What is this movie about?
It is meant as a wake-up call, a call for action, to everyone out there to look closer at the situation of minorities in science. We interviewed present and past colleagues of mine on how things are when they are good for women and when they are bad.
What feedback did you get on the clip?
Mainly really great feedback. I had a few senior male mangers from around the world contacting me and outing themselves as feminists – they hadn't realized that before. They felt woken up by our call to action. A lot of people in other countries also told me they used it to initiate a discussion in their departments about what needs to change. People with disabilities phoned me up and asked how they can get the award I got or an equivalent to make the same wake-up call for people to consider disability issues. That made me very happy.
You said "Call for Action". What kind of action could be taken to improve the situation of women in science?
First of all, we would need to change society. Get rid of the societal bias that we all have in us. Encourage young women and minorities to have more self-confidence, show them that there are women in higher positions that they can look up to and follow as role models. Give women self-confidence and courage to keep going and try things, apply for things when they are only 80% ready, go out and speak for themselves is also hugely important. Tell young people not to be afraid of failure. It is a part of working life and will help you get further. You just need to keep going not give up at the first set-back.
What is being done already? What works well?
There are some great initiatives working at all levels. In Scotland we have various charities going to schools, showing pupils all the different role models there are and teaching them how successful people look like them. It's the basic things that help making a difference: You don't have to look like old Einstein to be a fantastic scientist.
Another successful intervention is to work with policy makers. Make sure that texts are worded right so that people don't automatically feel excluded when they read job descriptions, funding guidelines, etc. People should never think "Well, I'm not a genius. I can't apply there."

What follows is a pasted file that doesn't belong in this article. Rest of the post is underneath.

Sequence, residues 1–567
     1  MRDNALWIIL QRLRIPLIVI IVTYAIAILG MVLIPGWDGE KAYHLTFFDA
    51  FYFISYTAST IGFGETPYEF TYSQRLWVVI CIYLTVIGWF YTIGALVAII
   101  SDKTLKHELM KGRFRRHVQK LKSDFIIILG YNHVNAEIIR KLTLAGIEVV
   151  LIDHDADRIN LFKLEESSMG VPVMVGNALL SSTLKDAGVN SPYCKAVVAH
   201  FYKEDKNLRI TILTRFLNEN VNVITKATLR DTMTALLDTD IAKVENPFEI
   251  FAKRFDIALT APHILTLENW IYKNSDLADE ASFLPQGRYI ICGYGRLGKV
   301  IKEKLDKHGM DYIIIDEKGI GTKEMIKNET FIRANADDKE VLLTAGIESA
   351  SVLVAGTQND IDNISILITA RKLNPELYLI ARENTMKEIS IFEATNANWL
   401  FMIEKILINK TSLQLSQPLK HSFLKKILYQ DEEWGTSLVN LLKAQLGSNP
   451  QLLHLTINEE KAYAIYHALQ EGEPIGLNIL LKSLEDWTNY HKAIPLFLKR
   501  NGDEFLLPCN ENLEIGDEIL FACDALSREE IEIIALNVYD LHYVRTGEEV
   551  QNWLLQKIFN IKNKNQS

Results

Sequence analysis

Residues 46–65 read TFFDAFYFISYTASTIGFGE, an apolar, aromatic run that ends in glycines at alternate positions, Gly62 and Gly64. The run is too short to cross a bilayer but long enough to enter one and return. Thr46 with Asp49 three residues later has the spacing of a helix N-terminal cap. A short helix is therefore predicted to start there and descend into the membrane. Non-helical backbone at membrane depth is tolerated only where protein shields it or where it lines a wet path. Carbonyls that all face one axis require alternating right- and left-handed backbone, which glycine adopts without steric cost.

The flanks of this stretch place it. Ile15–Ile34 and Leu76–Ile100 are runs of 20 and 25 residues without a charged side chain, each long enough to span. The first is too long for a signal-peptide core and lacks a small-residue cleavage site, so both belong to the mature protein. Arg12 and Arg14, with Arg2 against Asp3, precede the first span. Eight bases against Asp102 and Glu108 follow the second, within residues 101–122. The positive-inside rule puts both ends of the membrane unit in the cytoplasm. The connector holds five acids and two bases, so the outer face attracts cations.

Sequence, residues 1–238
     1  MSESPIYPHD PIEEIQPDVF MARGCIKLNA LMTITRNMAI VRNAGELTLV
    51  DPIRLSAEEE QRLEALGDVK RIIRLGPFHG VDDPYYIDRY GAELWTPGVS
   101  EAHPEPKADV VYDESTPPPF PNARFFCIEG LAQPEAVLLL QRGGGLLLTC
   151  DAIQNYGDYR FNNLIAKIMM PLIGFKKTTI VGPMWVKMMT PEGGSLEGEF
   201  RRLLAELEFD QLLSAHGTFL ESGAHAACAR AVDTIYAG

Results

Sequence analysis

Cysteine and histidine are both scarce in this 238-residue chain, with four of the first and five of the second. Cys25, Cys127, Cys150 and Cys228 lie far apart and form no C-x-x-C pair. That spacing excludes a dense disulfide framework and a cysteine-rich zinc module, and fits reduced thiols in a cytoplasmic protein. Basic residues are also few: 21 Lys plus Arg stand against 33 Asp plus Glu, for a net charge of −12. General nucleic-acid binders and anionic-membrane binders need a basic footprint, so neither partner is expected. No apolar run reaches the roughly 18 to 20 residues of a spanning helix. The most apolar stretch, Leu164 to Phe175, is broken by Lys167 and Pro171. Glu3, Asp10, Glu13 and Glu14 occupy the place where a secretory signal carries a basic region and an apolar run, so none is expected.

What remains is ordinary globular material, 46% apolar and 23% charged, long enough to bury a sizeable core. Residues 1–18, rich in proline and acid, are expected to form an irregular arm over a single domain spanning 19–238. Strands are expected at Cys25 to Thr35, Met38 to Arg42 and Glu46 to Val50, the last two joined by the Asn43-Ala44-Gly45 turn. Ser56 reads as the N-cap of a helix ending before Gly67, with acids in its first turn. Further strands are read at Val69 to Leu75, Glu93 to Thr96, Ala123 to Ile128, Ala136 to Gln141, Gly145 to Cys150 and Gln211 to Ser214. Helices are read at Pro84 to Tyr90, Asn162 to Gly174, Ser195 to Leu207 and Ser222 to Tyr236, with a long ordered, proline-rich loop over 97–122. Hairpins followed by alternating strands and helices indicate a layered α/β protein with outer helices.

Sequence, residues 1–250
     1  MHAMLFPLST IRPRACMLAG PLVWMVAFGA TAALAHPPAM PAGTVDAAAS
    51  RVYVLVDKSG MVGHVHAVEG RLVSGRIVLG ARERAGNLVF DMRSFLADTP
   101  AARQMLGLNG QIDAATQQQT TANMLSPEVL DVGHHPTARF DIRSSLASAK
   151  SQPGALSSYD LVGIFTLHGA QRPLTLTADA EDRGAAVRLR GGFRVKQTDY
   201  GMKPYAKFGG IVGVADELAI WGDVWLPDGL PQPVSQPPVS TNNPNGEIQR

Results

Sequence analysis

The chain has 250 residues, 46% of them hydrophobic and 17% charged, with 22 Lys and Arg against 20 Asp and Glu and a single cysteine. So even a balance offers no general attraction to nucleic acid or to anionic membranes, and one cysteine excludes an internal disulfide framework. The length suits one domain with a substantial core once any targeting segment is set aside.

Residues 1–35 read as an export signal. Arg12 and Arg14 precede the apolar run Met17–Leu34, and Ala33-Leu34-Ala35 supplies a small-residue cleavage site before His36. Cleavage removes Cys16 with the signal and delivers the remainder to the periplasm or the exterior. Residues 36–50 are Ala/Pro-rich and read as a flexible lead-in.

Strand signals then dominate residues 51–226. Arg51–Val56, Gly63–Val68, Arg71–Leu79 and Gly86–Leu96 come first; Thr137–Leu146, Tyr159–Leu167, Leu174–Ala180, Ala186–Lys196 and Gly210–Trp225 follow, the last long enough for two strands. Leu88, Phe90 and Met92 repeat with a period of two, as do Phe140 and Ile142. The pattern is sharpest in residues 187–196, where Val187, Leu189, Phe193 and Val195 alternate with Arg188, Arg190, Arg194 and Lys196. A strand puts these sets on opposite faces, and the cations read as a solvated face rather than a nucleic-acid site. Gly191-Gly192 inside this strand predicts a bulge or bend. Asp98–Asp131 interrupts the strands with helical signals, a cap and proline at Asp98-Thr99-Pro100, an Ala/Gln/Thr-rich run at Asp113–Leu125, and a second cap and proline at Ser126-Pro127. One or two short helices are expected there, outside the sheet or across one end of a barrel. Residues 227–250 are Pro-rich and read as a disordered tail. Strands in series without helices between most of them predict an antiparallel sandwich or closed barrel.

But we also need to work with the students at school and universities, keep on pushing and championing them. Pick them up where they are and help them go on. Celebrate their successes with them!
This only tackles the problem in the early stages. But the numbers of women in higher positions still stagnate. One idea to change that is to introduce quotas. Good idea or bad idea?
We don't always have the numbers of women willing to apply to achieve that, yet. In some areas we do but in many areas, such as committee membership, we would overburden the same few people with the responsibility. It can be a benefit when it allows younger people to get pushed into positions where they can see how higher-up level structures work. It can allow them to build up a network, grow more self-confident and go on further. But if they aren't far enough up the ladder to benefit from sitting on that committee yet and being pushed up the ladder too early just to make numbers, it's a huge strain on their time and no benefit to anyone. It still needs to be carefully considered to be effective, but in principle I say, yes I am in favour of quotas.
Any ideas for alternatives?
Just having some women on your panel will not make your panel behave better if everyone has the same bias. It's not the men's fault, it's everyone's fault. We need to make enough men feminists to reach parity. Then everybody will think appropriately and diversity will increase.
To help women now and practically, I set up a network - the "Sci Sisters" – a scientific sisterhood for senior women working in STEM in Scotland. It spans across academia and industry and government and links all the women together, regardless of their work place. I thought it was needed right now because many women felt isolated out there at i.e. the power plants or smaller companies. Now they have a chance to discuss generic concerns such as management issues with peers and people in similar positions, without too much effort.
And to round it up in a hand full of sentences, what advise would you give women in science, especially young women starting a career?
Have more self-confidence. Don't be afraid to fail. Seek advise. Seek mentoring. Seek championing.
Questions were asked by Sonja Klein for AcademiaNet